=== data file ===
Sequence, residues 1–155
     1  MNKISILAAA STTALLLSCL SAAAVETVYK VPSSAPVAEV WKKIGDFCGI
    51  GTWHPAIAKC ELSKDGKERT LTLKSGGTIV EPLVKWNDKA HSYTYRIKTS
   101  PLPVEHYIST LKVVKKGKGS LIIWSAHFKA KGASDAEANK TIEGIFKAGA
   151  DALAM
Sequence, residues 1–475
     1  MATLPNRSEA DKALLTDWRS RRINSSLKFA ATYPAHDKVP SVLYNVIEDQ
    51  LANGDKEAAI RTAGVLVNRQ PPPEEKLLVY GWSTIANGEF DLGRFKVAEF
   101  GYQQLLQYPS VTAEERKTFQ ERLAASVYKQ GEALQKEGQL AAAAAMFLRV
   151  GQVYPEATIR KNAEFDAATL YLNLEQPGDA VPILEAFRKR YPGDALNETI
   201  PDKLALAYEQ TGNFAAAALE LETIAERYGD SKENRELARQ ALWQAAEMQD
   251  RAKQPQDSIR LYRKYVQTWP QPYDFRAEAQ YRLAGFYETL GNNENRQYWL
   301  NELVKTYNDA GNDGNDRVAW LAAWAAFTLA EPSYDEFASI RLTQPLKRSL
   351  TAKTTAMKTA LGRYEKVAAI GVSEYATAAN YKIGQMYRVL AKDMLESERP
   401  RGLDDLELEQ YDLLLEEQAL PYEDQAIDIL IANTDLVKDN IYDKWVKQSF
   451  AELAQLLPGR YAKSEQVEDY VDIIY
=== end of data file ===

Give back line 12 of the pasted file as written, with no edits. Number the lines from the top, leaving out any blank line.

   251  RAKQPQDSIR LYRKYVQTWP QPYDFRAEAQ YRLAGFYETL GNNENRQYWL